Colleges and universities who have strong relationships with local communities can attract prospective students, prepare current ones for the future of work, and spur innovation for the local economy.
But bridging the town-gown divide can seem daunting. The first step may be to gather campus leaders and community members for a collaborative conversation.
That’s one lesson from Cohear, an organization in Cincinnati that brings together community members and policymakers to discuss local issues, writes Timmy Broderick for Christian Science Monitor.
Cohear creates a space for residents and decision-makers to exchange ideas and collaborate. The organization has hosted dozens of conversations—between refugees and a city council member, students and principals, and African-American children and the assistant police chief, writes Broderick.
The discussions are part of a larger trend of engaging community members in brainstorming and creative problem-solving, writes Broderick. Cohear’s collaborative approach to conversation aims to minimize the divisiveness that often occurs in political discussions, he adds.
“I think a face-to-face interaction injects the humanity into the conversation,” says Cincinnati City Councilman P.G. Sittenfeld, who is one of Cohear’s advisers. “[Cohear] puts people into a place that can be more honest, more open, and more vulnerable, and that makes for a richer interaction.”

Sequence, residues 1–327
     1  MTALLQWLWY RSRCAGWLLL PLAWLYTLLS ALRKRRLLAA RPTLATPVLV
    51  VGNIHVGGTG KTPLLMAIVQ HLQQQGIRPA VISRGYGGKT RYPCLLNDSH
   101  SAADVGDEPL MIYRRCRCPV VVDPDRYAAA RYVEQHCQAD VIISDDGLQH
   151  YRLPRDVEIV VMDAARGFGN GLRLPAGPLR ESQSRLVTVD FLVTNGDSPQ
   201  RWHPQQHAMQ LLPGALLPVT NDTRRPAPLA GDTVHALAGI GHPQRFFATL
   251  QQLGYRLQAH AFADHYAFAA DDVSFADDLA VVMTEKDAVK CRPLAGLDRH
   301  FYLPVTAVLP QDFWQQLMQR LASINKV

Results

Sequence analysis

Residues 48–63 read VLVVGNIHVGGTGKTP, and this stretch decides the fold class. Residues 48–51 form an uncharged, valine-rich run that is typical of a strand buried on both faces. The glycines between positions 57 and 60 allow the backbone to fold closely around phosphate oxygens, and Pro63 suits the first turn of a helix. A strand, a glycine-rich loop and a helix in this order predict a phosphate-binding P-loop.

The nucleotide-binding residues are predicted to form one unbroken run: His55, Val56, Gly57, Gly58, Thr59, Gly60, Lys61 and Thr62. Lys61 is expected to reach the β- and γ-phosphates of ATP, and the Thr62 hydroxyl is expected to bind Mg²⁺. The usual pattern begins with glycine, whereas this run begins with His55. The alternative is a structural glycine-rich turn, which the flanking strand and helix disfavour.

Another lesson higher ed leaders can learn from Cohear is the importance of a diverse community network. More than 60% of Cohear’s conversation participants—most of whom are women—had never been to a meeting before, and nearly 75% of them are people of color, reports Broderick.
“These conversations are getting different people in the room with people in positions of power,” says Dani Isaacsohn, who founded the organization. “By changing who’s in the room, you’re changing what decision-makers are exposed to and are hearing, and you’re actually getting better insights.”
Colleges who foster a dialogue with diverse community stakeholders can better understand their needs and collaborate with them more effectively.
These partnerships can also help schools uncover opportunities for students to gets hands-on experience solving real-world problems. Students in James Madison University‘s JMU X-Labs program, for example, work with local organizations to tackle topics such as solving homelessness and community innovations.
A community network can also help colleges extend their reach by connecting students to extra support. Connecticut colleges partner with Our Piece of Pie, a nonprofit that helps low-income students with their job search from start to finish. “We will not let a young person leave our confines until we’re comfortable that they’re going to be OK in the world of work,” says Hector Rivera, the chief operating officer of Our Piece of Pie. The organization offers assistance on everything from looking for job openings and scheduling interviews to training students on the soft skills that can help them succeed in the workplace (Broderick, Christian Science Monitor, 3/21; Carlson, Chronicle of Higher Education, 6/28/17).